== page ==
Duane Greenwood, Fountain's public works director and city engineer, says that after the city paid $367,500 last year, Mountain Metro had indicated it would charge $700,000 per year in the future. That prompted Fountain to hire a consultant who estimated the city's new service would run about $450,000 its first year, Greenwood says.

The new service will replicate the existing Route 31, which swings through Fountain and stops at Pikes Peak Community College's south campus at 5675 S. Academy Blvd., where riders can catch Mountain Metro into Colorado Springs. The route will expand to include a stop at the park-and-ride lot at Exit 128 on the south end of downtown, he says. Buses will run weekdays from 5:30 a.m. to 7 p.m.

Fountain is buying three buses at $116,000 each and expects to be reimbursed $240,000 by a state grant, Greenwood says. The plan calls for hiring a transit manager at a salary of $47,000 to $70,000, and up to six part-time drivers. — PZ

Rules? What rules?

When you try to change the bylaws for your county political party, you'll want to make sure that you know the rules.

Saturday, during a meeting of the El Paso County Republican Party central committee at Sand Creek High School, a proposal was put forward to rewrite the party's bylaws to allow the chairman, currently Eli Bremer, to retain authority even when traveling. The bylaw, as written, states that the vice-chair "shall exercise the functions of the Chairman during the temporary absence from El Paso County or the temporary inability of the Chairman."

The proposed change was brought before the committee after a months-long battle between Bremer and vice-chair David Williams over differences of vision.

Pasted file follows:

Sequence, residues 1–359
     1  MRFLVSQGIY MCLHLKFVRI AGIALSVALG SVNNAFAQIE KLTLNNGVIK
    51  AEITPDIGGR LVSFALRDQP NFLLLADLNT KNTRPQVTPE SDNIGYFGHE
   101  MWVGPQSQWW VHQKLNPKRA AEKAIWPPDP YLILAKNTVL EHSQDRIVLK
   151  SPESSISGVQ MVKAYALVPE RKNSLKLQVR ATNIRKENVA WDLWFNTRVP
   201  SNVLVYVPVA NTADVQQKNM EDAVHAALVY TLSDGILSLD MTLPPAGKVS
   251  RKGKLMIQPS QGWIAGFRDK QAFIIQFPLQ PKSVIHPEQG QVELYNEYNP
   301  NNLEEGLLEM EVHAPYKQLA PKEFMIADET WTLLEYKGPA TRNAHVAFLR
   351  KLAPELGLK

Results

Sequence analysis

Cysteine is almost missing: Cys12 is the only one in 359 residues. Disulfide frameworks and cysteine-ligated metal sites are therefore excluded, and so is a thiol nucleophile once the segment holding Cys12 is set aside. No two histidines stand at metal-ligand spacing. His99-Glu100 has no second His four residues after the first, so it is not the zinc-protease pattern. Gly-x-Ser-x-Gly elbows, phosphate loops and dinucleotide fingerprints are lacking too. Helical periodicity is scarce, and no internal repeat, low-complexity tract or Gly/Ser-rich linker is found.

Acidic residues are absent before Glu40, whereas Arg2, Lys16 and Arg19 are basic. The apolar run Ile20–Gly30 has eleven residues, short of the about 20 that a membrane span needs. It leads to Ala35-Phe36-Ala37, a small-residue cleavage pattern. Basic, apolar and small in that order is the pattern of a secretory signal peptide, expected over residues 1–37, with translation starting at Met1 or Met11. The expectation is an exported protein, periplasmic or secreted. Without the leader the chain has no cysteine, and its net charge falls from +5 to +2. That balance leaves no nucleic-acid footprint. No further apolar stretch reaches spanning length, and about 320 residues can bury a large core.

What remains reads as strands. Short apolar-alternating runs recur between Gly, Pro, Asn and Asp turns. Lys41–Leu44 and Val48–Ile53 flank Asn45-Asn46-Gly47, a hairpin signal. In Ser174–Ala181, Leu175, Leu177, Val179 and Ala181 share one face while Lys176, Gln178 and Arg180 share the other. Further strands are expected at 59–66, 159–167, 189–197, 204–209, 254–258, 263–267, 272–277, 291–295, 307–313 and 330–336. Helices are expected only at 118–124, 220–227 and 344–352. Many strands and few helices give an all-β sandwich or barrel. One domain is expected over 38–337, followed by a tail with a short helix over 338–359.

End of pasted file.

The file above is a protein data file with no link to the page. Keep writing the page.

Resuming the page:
When the vote on what was to be the day's most controversial issue was taken by standing vote, only the ayes were counted. The bylaws committee chair forgot to count the nays, despite being joined at the dais by Bremer and the party attorney, Rep. Bob Gardner. The proposal was declared approved with a vote of 174 ayes, and the meeting moved on.

The problem? There were 352 people voting, meaning ayes accounted for fewer than half the votes. The bigger problem? Even a simple majority wouldn't have been enough to pass a bylaw change. For that, you need a two-thirds majority.

Once it was clear the proposal had been passed incorrectly, the meeting fell into an hour-long chaos of motions and points-of-order, until it was finally decided to table the proposal. — CH

Tax for creek coming

The newly created branch of government that oversees Fountain Creek is talking taxes. Fountain Creek Watershed Flood Control and Greenway District could ask voters for a property tax within the next two years, the Pueblo Chieftain reports.

Under legislation that created the district, the agency can levy up to 5 mills on property in El Paso and Pueblo counties, but such a tax requires voter approval in both counties. Springs City Councilor Brandy Williams, who serves on the district board, told her colleagues Monday to expect a ballot issue in 2013. — PZ

Flush speech

Apparently the El Paso Republican Party can tolerate only so much free speech.

Saturday, Al Lender, a former Fountain councilman, registered Republican and vocal nemesis of former Fountain Councilwoman Lois Landgraf, showed up bright and early at the county party's central committee meeting at Sand Creek High School, to post his signs alongside hundreds of other political signs.

At 6 a.m., he got a phone call from the meeting organizers, saying they were taking down his signs. When he got back to the school, he says, he was told by county party COO Bill Roy that his signs were "slanderous and disgusting."

Lender didn't see the problem.

"I had my toilet-bowl sign," he says, the one featuring a picture of a toilet underneath Landgraf's name, with the slogan "Flush it!" With it was a sign celebrating Landgraf's recent defeat in her re-election bid.

After seeing that his signs were not going to be permitted back up, Lender began to protest outside. Roy, he says, told him that he would have to leave, so Lender called the cops. When they arrived, they asked him to take his protest across the street, to the public right-of-way.

Roy didn't respond to an Indy request for comment.

Lender says he's frustrated that Landgraf is likely to run for the newly redrawn state House District 21 seat.

"What bothers me is that the people of Fountain threw her out of office," he says, "and the Republican Party is trying to put her back in office." — CH

Compiled by Edie Adelstein, Chet Hardin, Ralph Routon, J. Adrian Stanley and Pam Zubeck.